Chance GlasfordChance Glasford, MORC member and author of the Self-Sponsored Cycling blog (RSS feed now aggregated on my right sidebar), has been the leader of the effort to revamp the park. I met Chance at last month’s High School MTB Kickoff and expect to see him this weekend at the Leaders’ Summit.

Chance Glasford and Griff Wigley(Update 4/22, 6pm: I’ve added the photo on the left of me and Chance taken earlier today at the Leaders’ Summit.)

Chance has cited an article in Elevation Outdoor Magazine titled The Park’s The Place , because “it pretty much says it all about why we, the riders in the metro, need bike parks, why I pushed for it and why we are working so hard to get this completed to make the bike park a reality and an enjoyable place to ride, train and improve as riders!”  An excerpt:

Lory-2_FIXEnter the latest trend in mountain biking: bike parks. Designed and built especially for bikes, these facilities offer everything from jaw-dropping stunts to beginner-level trails. While an in-town setting doesn’t provide the escape of a long ride in the mountains, bike parks are highly accessible and a great way to improve cycling fitness and skill levels…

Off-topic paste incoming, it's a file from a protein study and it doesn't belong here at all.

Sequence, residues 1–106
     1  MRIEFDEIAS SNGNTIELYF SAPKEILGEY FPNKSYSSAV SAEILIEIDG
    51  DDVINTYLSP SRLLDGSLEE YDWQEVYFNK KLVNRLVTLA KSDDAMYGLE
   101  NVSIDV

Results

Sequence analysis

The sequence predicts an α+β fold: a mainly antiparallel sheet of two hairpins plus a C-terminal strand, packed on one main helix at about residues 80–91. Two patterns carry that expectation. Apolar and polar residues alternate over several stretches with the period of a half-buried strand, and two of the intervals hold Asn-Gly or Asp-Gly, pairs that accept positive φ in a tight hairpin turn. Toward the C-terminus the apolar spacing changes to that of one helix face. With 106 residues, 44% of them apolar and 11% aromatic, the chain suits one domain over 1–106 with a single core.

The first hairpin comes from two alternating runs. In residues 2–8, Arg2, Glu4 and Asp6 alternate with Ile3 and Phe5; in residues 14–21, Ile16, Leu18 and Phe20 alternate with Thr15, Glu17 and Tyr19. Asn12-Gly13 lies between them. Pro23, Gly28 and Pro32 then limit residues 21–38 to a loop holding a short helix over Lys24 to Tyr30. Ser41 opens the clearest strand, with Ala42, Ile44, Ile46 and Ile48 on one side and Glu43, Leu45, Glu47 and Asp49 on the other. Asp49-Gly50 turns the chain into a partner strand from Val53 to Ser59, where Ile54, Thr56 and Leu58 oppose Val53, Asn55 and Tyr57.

“It’s been exciting to see the explosion in popularity,” says Lee McCormack, who teaches mountain bike skills clinics at Valmont. “The parks really have a broad appeal. Dads and moms, older and younger siblings can all find elements that challenge them, while staying in close proximity to each other.”

And, says McCormack, when you do get out for that remote singletrack journey, the practice you’ve logged in the park will pay off. “I’m riding better than ever on trails—smoother, faster and more controlled—because of all the time I spend honing my technique in a park context,” says McCormack.

DSC08847 DSC08863 DSC08850
I visited the Eagan bike park last night. Trevor ? (white shirt) lives nearby and has been working on the park with Chance. He was there with his friend Nate and gave me a few quick lessons on his new BMX bike.  Saaaweeeet!  I was able to get around the beginner level pump track without pedaling on my 29er hardtail. It helped to lock out my front suspension.  The intermediate loop (they’re connected) is a hoot and definitely  tougher.  Trevor can fly around it and it was inspiring to watch him. Here are a few more photos: